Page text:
How super is the super-deduction?

One of the headline grabbers in the recent Budget was the announcement of a super-deduction for expenditure on plant and machinery by companies. Based on the draft legislation, companies which incur expenditure on new plant and machinery (including commercial vehicles) from 1 April 2021 to 31 March 2023 should be able to claim a deduction […]

One of the headline grabbers in the recent Budget was the announcement of a super-deduction for expenditure on plant and machinery by companies.

Based on the draft legislation, companies which incur expenditure on new plant and machinery (including commercial vehicles) from 1 April 2021 to 31 March 2023 should be able to claim a deduction from taxable profits for 130% of the expenditure in the year of spend.

By way of illustration, if a company spends £1m on new machinery and trucks in the year ended 31 March 2022, the deduction from taxable profits for the period will be £1.3m and so there will be a reduction in the tax liability of £247k (£1.3m x 19%).  The effective rate of corporation tax relief on the capital expenditure is therefore 24.7% (£247k/£1m).

This sounds generous, but two reasons why the super-deduction may be less attractive than it first appears are outlined below.

Firstly, there are complex rules regarding the tax treatment of the disposal of assets which have been the subject of a super-deduction claim.  A big disadvantage is that the disposal proceeds are taken directly to taxable profits in the year of disposal rather than being absorbed in the capital allowances pools.  In addition, if the assets are sold before 31 March 2024, the sales proceeds are grossed up by a maximum of 130% (the exact percentage depends on the length of ownership).  In view of this, the super-deduction may not be suitable for companies whose assets have a short useful life and a high residual value.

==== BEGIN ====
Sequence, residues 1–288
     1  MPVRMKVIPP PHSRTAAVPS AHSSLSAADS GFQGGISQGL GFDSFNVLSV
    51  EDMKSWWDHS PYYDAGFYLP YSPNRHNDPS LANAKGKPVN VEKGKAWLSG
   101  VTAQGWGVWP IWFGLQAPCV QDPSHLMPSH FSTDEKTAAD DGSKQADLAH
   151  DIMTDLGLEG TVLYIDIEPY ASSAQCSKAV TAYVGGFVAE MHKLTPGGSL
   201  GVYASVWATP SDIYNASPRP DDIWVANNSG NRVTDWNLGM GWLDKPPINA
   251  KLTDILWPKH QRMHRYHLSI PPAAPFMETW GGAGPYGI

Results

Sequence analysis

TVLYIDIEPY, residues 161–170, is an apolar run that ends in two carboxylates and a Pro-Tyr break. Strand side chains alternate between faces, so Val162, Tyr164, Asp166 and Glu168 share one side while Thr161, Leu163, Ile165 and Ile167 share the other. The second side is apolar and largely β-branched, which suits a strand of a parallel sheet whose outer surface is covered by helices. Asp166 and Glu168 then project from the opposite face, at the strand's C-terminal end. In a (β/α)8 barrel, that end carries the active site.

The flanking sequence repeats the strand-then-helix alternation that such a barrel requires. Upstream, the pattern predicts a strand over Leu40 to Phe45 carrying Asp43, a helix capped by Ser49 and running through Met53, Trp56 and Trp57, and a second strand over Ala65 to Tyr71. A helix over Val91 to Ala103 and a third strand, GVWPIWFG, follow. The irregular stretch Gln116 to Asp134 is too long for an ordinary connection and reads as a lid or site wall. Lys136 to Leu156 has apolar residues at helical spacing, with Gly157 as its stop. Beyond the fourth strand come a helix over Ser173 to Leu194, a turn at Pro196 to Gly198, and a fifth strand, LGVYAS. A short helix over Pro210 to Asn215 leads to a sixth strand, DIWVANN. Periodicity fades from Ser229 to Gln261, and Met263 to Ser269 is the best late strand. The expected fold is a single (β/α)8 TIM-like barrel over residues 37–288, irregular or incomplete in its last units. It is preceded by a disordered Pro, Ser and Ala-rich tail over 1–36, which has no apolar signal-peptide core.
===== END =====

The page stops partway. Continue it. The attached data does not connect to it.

Secondly, the main corporation tax rate is set to increase from 19% to 25% on 1 April 2023.  Companies will automatically obtain tax relief at 25% for expenditure from that date.  This is slightly higher than the 24.7% effective rate generated by the super deduction, although it should be noted that the opportunity to claim full tax relief in the year of spend may be lost from 1 April 2023 and the tax relief may instead be spread over a number of years.  The timing of relief will partly depend on whether the Government decides to further extend the temporary £1m limit for the Annual Investment Allowance (AIA) which is now due to end on 31 December 2021.

Undoubtedly there are taxpayers for whom the super-deduction is good news – in particular, those companies who were already planning a large capital spend in the next couple of years on assets which will be retained until they have scrap value only.  However, companies with a high asset turnover or no plans for large capital expenditure in the near future should approach the super deduction with a little more caution as it could actually be better to claim AIA or just normal writing down allowances.

Please do not hesitate to contact Anna Jones should you wish to discuss this in more detail – anna.jones@kilsbywilliams.com / 01633 810081.

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